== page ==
New Hampshire sent a signal to the rest of America on Tuesday night as they overwhelmingly voted “Bernie” [score]Bernard Sanders[/score] and Donald Trump as their favored Presidential candidates! You can see the full results here.
It’s easy to get carried away following dynamic results like what we saw in New Hampshire tonight, but let’s take a breath and look at what this changes (and what it doesn’t change):
What NH changes: Obviously, this proves that Donald Trump has a significant amount of support, and that the majority of his support is coming from more moderate Republican voters. Additionally, Kasich’s strong second-place finish is going to vault him into the group of contenders and out of the realm of the long shots. Trump and Kasich can point to these results to demonstrate that they have received real votes, not just poll support.
Further, both Jeb Bush and [score]Marco Rubio[/score] are going to feel tremendous pressure to do very well in the coming states or drop out. Chris Christie is going to get a lot of phone calls urging him to get out of the race, as will Carly Fiorina. Neither of them have a realistic path to the nomination, and neither will realistically perform well in upcoming states.
Finally, NH proves that if the establishment wing of the Republican party is split four ways, Trump will win every time. Until Christie and at least one other establishment candidate drop out, Trump is going to keep racking up victories. Going forward, Trump supporters should hope that we don’t see any candidates drop out, and establishment types should hope to see the field shrink to three candidates as soon as possible.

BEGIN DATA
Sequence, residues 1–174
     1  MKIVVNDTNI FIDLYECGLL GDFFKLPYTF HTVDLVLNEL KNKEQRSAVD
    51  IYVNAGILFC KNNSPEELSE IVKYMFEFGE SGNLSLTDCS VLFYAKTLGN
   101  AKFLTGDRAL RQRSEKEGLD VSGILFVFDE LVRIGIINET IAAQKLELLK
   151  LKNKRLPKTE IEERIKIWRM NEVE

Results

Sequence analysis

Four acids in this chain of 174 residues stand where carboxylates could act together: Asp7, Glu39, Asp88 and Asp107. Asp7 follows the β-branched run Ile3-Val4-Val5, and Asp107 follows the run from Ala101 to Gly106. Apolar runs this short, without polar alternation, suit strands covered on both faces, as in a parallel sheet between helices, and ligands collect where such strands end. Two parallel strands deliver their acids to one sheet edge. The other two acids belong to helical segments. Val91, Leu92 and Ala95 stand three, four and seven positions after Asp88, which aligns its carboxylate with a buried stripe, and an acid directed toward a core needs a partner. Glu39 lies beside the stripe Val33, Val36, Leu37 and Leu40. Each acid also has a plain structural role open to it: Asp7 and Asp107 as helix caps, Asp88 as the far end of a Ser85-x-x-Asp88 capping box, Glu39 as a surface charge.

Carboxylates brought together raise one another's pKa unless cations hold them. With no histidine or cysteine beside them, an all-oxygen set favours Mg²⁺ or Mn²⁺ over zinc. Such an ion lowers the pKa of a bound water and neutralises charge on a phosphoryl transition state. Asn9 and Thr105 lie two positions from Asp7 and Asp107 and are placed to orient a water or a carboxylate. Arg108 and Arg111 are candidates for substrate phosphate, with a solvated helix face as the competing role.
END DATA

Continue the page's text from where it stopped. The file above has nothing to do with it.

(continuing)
What NH does not change: The most recent national polls show only three candidates in double digits nationally: Trump, [score]Ted Cruz[/score], and Rubio. National polls don’t determine the outcome of the nomination process, but they are a good indicator as to which candidates have wide support, and which candidates have support only in a few states.
If you didn’t guess, I’m talking about John Kasich especially. He may have finished second in New Hampshire, but he can’t realistically hope to win any of the upcoming states. He’s polling at 2% in South Carolina. Two percent. Given South Carolina’s large evangelical constituency, there are only two candidates who can realistically hope to win South Carolina: Ted Cruz and Donald Trump.
Additionally, we may not see the field shrink quickly. Ben Carson has largely stopped campaigning, but he seems determined to stay in the race. In fact, Carly Fiorina may be the only candidate to drop out following tonight’s results. Chris Christie is in the single digits nationally, but so is Jeb Bush. Can Christie really be expected to drop out right away because Bush got 4% more of the vote in New Hampshire?
Conclusion: The likely outcome of tonight’s race is that the establishment wing will become an even more bitter contest, and not a lot else will change. Rubio didn’t perform well tonight, but he is still a viable national candidate with broad appeal. Kasich did perform well tonight, but he is still not a viable national candidate, and he still doesn’t have broad appeal. In fact, it’s hard to imagine Kasich winning even one state primary.
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